In 2012 & 2013, U.S. News & World Report ranked Merrimack College in the top ten of the Best Regional Colleges – North.
In 2012 & 2013, The Princeton Review acknowledged Merrimack as one of 218 Institutions in its "Best in the Northeast" section.
In 2013, Affordable Colleges Online ranked Merrimack as 16th in Return on Investment (ROI) for colleges in the area.
In 2011, 2012, & 2013 Merrimack College was named one of "America's Top Colleges" by Forbes magazine.
In 2011, Merrimack was named to the President's Higher Education Community Service Honor Roll.
|Academic Divisions of Merrimack College|
|Undergraduate, Graduate & Professional Studies||Graduate & Professional Studies|
|School of Business
||School of Education
||School of Liberal Arts
||School of Science and Engineering
||School of Business - School of Education - School of Science and Engineering
Merrimack also has these academic centers:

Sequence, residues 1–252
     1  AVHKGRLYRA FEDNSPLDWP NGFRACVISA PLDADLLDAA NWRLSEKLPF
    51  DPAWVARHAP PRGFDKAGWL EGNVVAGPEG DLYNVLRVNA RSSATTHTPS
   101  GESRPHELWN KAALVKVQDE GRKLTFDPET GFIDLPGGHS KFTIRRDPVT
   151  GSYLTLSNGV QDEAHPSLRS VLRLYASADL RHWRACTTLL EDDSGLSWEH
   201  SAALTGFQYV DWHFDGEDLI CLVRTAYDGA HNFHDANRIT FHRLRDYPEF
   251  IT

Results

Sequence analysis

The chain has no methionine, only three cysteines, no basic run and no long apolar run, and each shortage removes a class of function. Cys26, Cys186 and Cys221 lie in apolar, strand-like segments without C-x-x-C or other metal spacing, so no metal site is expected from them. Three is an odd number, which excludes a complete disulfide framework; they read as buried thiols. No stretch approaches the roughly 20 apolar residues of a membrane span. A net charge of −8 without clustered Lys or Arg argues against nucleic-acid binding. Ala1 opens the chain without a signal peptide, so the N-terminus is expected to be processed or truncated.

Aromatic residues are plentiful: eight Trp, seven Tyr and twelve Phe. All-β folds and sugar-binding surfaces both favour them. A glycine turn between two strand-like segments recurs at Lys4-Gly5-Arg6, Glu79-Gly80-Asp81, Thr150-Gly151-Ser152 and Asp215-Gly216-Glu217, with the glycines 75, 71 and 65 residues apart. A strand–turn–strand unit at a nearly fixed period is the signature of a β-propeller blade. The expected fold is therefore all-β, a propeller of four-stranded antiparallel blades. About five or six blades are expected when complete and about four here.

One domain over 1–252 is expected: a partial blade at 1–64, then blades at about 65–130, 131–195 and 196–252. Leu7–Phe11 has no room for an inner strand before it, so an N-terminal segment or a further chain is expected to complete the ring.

- Bloomberg Markets Lab
- Honors Program
- Writers House
- Academic Innovation Center
- Center for the Study of Jewish-Christian-Muslim Relations
- Center for Biotechnology and Biomedical Sciences
- Center for Student Success
- Augustinian Center for Study and Legacy
Arts and Entertainment
Rogers Center for the Arts
The Rogers Center for the Arts, named in recognition of the early leadership pledge made by the Rogers Family Foundation, is a regional performing and visual arts center that serves the Merrimack College community, the Merrimack Valley region as well as the entire community north of Boston. It includes a theater style auditorium with a seating capacity of 600, an orchestra pit, and state-of-the-art lighting and sound systems. The theater is noted for its outstanding acoustics. The center also includes a separate art gallery for student and professional exhibitions. From music and magic to dancing and drama, the Rogers Center provides artistic excellence through prominent lectures, concerts, theatrical offerings and art exhibitions.
The Tambakos Film Series
The Tambakos Film Collection presents a series of classic Hollywood films as part of the Rogers Center for the Arts programming. Approximately 12 films are screened each year. These films are open to the public and are free of charge.